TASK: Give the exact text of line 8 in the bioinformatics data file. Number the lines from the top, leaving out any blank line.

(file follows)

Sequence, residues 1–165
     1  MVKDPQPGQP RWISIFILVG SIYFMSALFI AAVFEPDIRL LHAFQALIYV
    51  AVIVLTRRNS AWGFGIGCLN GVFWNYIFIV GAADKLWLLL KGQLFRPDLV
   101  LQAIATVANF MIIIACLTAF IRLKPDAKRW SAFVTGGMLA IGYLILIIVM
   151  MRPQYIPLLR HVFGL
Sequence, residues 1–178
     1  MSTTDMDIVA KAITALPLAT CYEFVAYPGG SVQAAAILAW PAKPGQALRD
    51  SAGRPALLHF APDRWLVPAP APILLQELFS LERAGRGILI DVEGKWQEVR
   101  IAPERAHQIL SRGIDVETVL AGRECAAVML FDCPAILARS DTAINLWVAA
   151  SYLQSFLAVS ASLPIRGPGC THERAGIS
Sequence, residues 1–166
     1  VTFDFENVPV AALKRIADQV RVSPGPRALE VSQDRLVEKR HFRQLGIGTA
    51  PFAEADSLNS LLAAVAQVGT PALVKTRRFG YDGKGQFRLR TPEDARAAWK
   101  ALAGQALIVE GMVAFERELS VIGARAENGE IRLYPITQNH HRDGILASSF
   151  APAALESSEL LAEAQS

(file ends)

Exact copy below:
    51  SAGRPALLHF APDRWLVPAP APILLQELFS LERAGRGILI DVEGKWQEVR